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Toyota Urges India to Cut Taxes on Hybrid Vehicles

Toyota Motor, the world's largest automobile manufacturer, is actively lobbying the Indian government to decrease hybrid vehicle tariffs by up to 20%.

Toyota Motor, the world’s largest carmaker, is actively lobbying the Indian government to reduce taxes on hybrid vehicles by up to 20%. 

The company argues that hybrid cars are significantly less polluting than traditional petrol vehicles but currently face a disparity in policy treatment.

Expanding Hybrid Production in Response to Indian Demand:

Despite the challenges, Toyota plans to expand its production capacity in India due to a growing demand for hybrid vehicles.

India has primarily focused on promoting electric vehicles (EVs), offering substantial incentives to companies to manufacture EVs and batteries. 

The tax rate for EVs is a mere 5%, while hybrid vehicles are taxed at a much higher rate, reaching 43%, just below the 48% tax imposed on petrol cars.

Toyota’s Plea for Equal Treatment:

Toyota argues that the current 5% tax differential favoring hybrids over petrol vehicles is insufficient, considering the reduced emissions and improved fuel efficiency. 

The company believes the tax differential should be increased to 11 percentage points for hybrid vehicles and 14 points for flex-hybrids.

Toyota’s Request for Tax Reduction:

In practical terms, this would mean a tax rate of 37% for hybrids and 34% for flex-hybrids, representing a potential tax cut of up to 14% and 21%, respectively.

In a letter to Prime Minister Narendra Modi’s Niti Aayog think-tank, Vikram Gulati, Toyota’s India country head, requested “proportionate policy support” and emphasized the environmental benefits of hybrid technology.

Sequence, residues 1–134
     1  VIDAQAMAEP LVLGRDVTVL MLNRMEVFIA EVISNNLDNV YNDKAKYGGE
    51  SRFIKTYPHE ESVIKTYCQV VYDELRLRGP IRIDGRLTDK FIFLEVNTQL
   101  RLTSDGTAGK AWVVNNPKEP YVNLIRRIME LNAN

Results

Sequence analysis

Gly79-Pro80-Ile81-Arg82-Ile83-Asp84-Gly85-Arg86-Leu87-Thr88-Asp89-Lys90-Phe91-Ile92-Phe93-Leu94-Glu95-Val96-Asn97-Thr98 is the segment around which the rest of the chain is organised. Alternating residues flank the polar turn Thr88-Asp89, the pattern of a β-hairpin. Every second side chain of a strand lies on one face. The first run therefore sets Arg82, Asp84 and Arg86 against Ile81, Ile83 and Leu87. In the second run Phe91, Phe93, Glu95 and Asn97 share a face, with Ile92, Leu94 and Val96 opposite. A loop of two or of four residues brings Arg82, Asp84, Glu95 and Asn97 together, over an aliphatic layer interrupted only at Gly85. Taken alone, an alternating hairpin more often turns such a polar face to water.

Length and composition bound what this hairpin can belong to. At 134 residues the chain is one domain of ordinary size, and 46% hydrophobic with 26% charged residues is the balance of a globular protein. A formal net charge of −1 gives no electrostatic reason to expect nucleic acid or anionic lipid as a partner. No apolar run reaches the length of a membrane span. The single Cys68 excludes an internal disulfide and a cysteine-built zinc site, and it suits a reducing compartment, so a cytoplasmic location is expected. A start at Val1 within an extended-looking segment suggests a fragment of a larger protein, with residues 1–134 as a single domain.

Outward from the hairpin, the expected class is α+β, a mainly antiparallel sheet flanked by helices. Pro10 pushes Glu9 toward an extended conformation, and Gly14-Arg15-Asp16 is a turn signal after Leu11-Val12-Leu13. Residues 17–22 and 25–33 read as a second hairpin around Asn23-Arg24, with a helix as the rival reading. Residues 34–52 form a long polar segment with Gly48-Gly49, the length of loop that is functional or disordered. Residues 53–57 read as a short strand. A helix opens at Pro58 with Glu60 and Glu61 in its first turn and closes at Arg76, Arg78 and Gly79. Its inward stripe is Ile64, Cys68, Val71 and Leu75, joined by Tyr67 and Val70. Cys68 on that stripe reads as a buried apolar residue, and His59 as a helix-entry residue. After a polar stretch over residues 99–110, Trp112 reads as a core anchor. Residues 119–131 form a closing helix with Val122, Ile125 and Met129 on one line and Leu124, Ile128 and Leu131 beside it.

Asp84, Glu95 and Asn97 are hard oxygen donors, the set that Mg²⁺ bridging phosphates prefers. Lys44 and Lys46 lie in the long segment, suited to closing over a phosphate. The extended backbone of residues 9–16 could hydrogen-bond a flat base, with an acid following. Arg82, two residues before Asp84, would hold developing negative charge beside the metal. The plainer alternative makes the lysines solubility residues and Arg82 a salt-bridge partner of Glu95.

Diverging Stances of Indian Automakers:

Indian automotive giants Tata Motors and Mahindra & Mahindra endorse electric vehicles, while Toyota and Honda Motor advocate for government support for hybrid cars.

Hybrid Technology’s Role in Infrastructure-Deficient Markets:

Toyota, known for popularizing hybrid technology with models like the Prius, argues that hybrids make more practical sense in markets where infrastructure is not yet ready for electric vehicles.

In addition to reduced taxes, Toyota also requests that the Indian government include hybrid cars in existing incentive programs that provide discounts to EV buyers, a scheme currently limited to electric vehicles.

Toyota’s Vision for Climate Mitigation:

While Toyota has begun developing electric vehicles, the company asserts that the most effective way to reduce carbon emissions is through a combination of electrified and alternative energy options, encompassing both EVs and hybrids.

The Cost Challenge of Hybrids in India:

Toyota highlights that India’s tax structure, along with the typically higher cost of hybrid powertrains, which include engines and electrified components like batteries and motors, makes producing hybrid vehicles 30-35% more expensive than their petrol counterparts.

A Multi-Pathway Approach to Climate Crisis:

Toyota is championing EVs and advocating for hydrogen-powered cars, asserting that a “multi-pathway” approach is essential to address the climate crisis.

As of the reporting time, Niti Aayog has not responded to Toyota’s request for comment and policy adjustments.

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